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wood canoe paddle making FAQs

Everybody has'em as the saying goes. Funny how doing something for the first time tends to bring out basic issues that prove surprisingly hard to answer. Below are some of the questions I asked and then figured out as I have worked my way through years of hand-powered wood working and canoe paddle building. In the DIY world quite often there are no definitive answers. There are opinions and preferences. You need to make your peace with that and instead of relying on someone else's answer you do your own research, decide on what you think is right and go about it in your own way.

Q: Why wood?

A: Personal preference. For me, I like the feel of wood in my hands. I like the flex. I like the warmth. I love how it looks. For me, the paddles I make are both art and functional. When I am not using it, it hangs on the wall and looks good. I feel good knowing that I made it.

I also like the fact that a wood shaft can be shaped to fit your grip. When you grip something like a paddleshaft your clenched hand does not make a circular shape. Yet most paddleshafts are exactly that - a circular shape. That is because it is easy to engineer a round shaft. NOT because a circular shaft fits your hand. Your grip tends to be oblong or elliptical. Not round. Using a spokeshave you can make the shaft into more of an oblong profile that matches your grip more closely than a standard store bought paddle.

And so we get to carbon fiber. Strong. Durable. Light. All true. At the end of the day though, when I am out paddling I am in nature. For me, a stringy piece of bizarre chemical in my hands does not fit that picture as well as a wood paddle does.

Paddling anything is good, especially if the alternative is eating Cap'n Crunch watching Dr. Phil. So get out and paddle. When so doing I just happen to prefer wood over carbon fiber.

Q: Is it a bend or a cut?

A: The bent shaft canoe paddles you can make from our kits all have one-piece shafts featuring a bend. Some call it a curve. It is NOT cut. It is ONE PIECE. The shaft piece in the blade is the same shaft piece as the shaft itself. I think this makes for a much stronger shaft as well as a more aesthetically pleasing look.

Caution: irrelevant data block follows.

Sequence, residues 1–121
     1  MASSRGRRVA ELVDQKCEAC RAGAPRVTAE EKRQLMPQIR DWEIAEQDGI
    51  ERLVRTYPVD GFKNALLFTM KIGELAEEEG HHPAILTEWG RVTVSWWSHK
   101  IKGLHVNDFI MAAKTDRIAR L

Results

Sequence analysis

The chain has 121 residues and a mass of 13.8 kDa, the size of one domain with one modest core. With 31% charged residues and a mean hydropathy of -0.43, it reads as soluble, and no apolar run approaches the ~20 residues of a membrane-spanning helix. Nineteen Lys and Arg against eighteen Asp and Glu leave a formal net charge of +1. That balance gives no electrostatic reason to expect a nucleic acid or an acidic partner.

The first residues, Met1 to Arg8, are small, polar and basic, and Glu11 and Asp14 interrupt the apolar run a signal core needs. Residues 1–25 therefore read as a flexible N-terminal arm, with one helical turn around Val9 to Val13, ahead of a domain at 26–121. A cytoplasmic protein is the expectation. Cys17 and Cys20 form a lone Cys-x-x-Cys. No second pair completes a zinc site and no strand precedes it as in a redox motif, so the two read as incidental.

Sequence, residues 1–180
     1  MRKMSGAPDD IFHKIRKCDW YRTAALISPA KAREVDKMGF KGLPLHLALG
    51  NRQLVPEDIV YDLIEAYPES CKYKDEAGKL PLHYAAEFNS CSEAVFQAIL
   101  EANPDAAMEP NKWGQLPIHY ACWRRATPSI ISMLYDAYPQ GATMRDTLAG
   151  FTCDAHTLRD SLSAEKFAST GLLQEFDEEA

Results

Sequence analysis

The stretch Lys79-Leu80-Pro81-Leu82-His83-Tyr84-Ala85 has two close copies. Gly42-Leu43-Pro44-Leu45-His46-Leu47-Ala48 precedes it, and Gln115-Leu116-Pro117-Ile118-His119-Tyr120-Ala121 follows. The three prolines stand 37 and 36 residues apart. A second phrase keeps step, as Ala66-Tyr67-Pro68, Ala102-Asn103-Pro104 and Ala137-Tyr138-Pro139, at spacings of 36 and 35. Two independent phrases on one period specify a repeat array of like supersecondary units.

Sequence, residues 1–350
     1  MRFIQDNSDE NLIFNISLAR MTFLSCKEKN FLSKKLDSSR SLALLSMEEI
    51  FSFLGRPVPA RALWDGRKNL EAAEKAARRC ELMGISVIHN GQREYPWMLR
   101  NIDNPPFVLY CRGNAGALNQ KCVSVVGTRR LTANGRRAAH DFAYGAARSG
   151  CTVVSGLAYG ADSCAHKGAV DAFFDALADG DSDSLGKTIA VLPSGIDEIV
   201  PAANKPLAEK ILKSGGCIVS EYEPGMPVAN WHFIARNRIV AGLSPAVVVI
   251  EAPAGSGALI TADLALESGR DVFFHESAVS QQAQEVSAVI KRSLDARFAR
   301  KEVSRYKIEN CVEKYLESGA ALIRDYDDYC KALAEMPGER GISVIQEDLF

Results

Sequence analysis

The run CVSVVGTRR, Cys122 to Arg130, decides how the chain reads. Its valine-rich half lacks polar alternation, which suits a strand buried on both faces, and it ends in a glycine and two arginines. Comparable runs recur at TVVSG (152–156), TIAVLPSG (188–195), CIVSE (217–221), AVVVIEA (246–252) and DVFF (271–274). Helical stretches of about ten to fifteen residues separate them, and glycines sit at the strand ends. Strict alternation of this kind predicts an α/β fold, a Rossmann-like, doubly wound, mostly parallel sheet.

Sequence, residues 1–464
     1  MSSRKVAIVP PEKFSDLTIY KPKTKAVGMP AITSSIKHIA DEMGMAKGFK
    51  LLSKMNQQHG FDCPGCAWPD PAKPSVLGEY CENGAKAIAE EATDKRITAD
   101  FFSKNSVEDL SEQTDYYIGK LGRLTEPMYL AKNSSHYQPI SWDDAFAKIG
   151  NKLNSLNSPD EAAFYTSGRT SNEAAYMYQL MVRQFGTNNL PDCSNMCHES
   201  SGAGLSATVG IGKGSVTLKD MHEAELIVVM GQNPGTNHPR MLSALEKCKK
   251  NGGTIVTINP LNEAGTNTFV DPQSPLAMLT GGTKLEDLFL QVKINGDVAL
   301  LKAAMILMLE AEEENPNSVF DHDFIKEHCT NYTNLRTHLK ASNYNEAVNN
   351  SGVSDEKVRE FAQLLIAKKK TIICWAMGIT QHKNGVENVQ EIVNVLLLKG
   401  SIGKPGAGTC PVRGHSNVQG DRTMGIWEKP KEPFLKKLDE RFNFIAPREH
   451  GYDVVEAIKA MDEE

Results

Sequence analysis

Q: Why a kit?

A: With one of our kits, you get the wood pieces - shaft strips, blade pieces, and handle ready to use. You don't need to own, borrow, impose on a neighbor, or use a table saw or a band saw to first rip the laminate pieces. You don't need to stand a three+ inch tall piece on edge against a rip fence to rip it and get the blade pieces cut down to size.

Finally you don't have to buy the entire piece of wood in order to get just a few pieces. You get enough for two paddles. You don't have to store the leftover wood or throw it away (gasp..but you wouldn't do that would you?). Likewise you will not have to deal with 7/8 of a quart of left over epoxy in a large container. Did I mention not needing the space or all the big expensive tools to cut the wood?

Q: What about the angle of the shaft to the blade?

A: Unless you are a sponsored racer focussed on racing, I think you'll find the angle of the blade to the shaft UNimportant. In my paddling, I find my technique to be of primary importance, e.g. keeping the shaft vertical during the stroke, followed by the feel of the handle, and length of paddle. The form comes with a 12 degree angle to it. However, if you feel strongly about this angle, we will provide a form cut to your own specified angle at no extra charge.

Q: How much does a wood paddle weigh?

A: I don't pay much attention to that number. If you want to see a big number figure out how much water a canoe displaces over the course of a mile. And then lose ten pounds off the paddler. That can be a big weight number.